Four Knoxville media heavyweights agreed on one thing Thursday when discussing the impact of “new media” on their businesses: they don’t have a clue what’s going to happen.
Jeff Lee, general manager of WBIR, the number one TV station in the market, Bruce Hartmann, president and publisher of the News Sentinel, Knoxville’s daily paper, Ed Brantley, general manager of Citadel, which operates four local radio stations including country powerhouse WIVK, and David Jernigan, the general manager of Lamar, the leading billboard company here, spoke to the Knoxville Advertising Federation at a luncheon at Peerless Steakhouse.
“There is nothing we won’t try,” Lee said. “This is a survival issue.”
- Lee said his station is facing “triple headwinds” when it comes to the business climate: the down economy; fragmentation of the media landscape (“Our largest concern is not other TV stations. It’s that people have other choices altogether.”); and NBC’s primetime TV schedule which, he said, “is not where it used to be.”
- Hartmann said charging for content on the Web sites of news organizations will not work. The News Sentinel tried that several years ago with its GoVolsXtra sports news site, which cost subscribers just a few dollars a month. When the site got up to 4,000 to 5,000 subscribers, it plateaued, he said, and the company decided to make the content free. “At the end of the day, paid content will not work,” he predicted.
- Brantley said the most successful advertisers will integrate their ad buys, using broadcast, print and Internet platforms. “The more you integrate, the better you will do,” he said. “We don’t just sell spots anymore. We sell whole marketing packages.”
- Jernigan said he is seeing more acceptance of digital billboards among the public and elected officials and that technology, he said, provides an interactive element to outdoor advertising. “One of our weaknesses used to be that we couldn’t deliver as quickly. But now we can get messages out on the streets in a matter of minutes.” He cited one billboard he has seen advertising a radio station and listing the currently playing song under a headline, “Now Playing.” It changed with every song.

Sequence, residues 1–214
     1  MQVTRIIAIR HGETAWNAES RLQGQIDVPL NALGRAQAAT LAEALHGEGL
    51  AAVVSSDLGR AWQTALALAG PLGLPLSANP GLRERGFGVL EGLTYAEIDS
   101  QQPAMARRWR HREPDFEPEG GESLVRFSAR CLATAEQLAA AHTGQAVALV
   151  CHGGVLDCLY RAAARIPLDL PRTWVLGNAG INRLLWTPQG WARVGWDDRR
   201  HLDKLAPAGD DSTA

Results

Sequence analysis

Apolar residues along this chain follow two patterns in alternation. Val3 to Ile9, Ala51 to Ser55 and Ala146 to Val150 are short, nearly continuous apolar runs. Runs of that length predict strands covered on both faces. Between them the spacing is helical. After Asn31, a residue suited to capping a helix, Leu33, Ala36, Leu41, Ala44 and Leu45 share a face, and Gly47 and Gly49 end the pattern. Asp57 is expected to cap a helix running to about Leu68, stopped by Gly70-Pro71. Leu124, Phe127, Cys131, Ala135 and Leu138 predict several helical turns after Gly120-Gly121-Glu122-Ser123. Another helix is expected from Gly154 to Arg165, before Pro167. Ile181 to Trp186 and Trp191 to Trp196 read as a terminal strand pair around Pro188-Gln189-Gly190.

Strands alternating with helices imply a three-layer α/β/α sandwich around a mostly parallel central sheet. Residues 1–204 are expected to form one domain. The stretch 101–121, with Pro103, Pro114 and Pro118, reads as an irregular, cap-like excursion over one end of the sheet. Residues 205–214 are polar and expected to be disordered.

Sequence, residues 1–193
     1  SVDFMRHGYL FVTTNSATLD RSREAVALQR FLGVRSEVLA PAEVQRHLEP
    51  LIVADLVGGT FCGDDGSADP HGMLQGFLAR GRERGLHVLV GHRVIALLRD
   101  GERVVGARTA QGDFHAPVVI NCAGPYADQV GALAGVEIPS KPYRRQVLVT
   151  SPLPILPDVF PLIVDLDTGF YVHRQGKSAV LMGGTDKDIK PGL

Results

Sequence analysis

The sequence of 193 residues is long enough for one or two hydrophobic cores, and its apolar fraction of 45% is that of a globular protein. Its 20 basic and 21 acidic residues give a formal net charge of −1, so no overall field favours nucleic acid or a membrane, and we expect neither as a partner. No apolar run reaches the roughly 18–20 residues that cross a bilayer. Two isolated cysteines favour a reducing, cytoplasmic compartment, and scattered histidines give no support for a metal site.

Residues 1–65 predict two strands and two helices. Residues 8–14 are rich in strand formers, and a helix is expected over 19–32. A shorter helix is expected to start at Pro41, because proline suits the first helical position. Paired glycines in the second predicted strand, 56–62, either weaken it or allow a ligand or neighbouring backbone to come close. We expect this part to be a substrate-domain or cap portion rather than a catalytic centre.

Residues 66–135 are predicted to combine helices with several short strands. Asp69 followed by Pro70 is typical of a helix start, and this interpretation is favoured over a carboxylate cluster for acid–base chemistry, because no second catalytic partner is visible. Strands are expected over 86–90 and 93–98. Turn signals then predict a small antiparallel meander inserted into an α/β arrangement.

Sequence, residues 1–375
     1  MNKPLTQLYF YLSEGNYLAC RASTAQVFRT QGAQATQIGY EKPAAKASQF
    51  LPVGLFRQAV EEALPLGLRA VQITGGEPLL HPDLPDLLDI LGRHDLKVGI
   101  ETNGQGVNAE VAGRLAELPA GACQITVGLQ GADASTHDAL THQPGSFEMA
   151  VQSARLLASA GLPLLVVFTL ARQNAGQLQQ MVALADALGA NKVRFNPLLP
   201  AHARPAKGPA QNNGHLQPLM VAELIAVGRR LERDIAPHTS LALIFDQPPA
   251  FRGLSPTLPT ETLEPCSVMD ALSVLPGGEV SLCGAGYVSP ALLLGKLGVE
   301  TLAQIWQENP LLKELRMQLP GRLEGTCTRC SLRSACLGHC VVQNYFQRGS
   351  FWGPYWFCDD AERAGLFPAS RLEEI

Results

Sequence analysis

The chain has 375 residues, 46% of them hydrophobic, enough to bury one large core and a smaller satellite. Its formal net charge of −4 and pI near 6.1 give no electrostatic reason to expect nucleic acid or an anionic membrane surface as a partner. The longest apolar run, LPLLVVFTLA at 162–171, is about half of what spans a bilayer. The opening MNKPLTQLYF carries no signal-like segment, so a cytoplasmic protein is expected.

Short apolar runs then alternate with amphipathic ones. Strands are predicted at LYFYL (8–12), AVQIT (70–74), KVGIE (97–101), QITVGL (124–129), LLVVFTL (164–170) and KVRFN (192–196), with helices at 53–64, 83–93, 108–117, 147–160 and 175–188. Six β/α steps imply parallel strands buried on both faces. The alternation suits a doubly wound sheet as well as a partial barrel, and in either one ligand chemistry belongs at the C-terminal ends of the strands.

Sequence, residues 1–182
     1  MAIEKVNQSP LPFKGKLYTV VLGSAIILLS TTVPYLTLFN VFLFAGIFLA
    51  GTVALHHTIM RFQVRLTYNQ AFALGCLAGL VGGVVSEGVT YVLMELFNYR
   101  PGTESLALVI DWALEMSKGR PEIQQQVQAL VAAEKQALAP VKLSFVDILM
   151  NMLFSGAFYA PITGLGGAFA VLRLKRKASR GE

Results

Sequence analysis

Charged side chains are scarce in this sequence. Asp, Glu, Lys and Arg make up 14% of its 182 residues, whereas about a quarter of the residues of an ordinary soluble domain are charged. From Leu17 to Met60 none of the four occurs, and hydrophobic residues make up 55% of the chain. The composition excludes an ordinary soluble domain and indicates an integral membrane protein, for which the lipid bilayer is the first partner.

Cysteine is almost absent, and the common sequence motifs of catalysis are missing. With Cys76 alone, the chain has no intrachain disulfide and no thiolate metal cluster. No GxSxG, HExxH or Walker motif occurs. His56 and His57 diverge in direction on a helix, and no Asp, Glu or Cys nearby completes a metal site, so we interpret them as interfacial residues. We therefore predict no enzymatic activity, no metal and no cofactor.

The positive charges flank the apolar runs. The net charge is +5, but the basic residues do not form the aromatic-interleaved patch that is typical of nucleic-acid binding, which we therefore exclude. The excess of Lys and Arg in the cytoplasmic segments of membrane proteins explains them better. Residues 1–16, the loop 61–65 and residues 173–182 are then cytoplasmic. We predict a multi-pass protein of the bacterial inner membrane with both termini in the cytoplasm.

All said they are sharing content with other media organizations in order to cut costs and Lee and Hartmann said the journalists of the future will have to work in all the fields, combining print, broadcast and interactive.
Lee addressed a question about why WBIR is eliminating the popular and long-running “Heartland Series.” “I have to cut expenses,” he said. “We have done everything we can to cut things behind the scenes. Now when we cut something, the viewers are going to notice it.” He said keeping “Heartland” on the air would take “a lot” more money. “Not everybody is going to survive this,” he said. “We want to be one of the survivors.”
All the executives tried to end on a positive note. Brantley said he has fully embraced new media. Jernigan said he was excited about the changes in outdoor and that many advertisers now list their Web sites on billboards. Lee and Hartmann stressed that their companies have expanded their offerings to include various Web sites and mobile applications. All said they were excited about the changes and what the future will hold.
In my opinion, media Web sites such as knoxnews.com and WBIR.com are still the most trusted sources for news on the Internet and they are going to stay strong. And where readers go, advertisers will follow.
So whether you believe, as one audience member opined, that Thursday’s program was “like watching the dinosaurs talk about the Ice Age,” or you see a key role for traditional media in the digital era, it was a fascinating snapshot of where the top dogs in Knoxville media see themselves right now.
Cynthia, this is excellent. So why have I not been reading its past issues?
Thanks, Roger! Old habits die hard. Never expected to be a journalist again, but these days, everybody is!
Cynthia great article but sad situation. I can’t imagine not starting my day without reading the morning newspaper.
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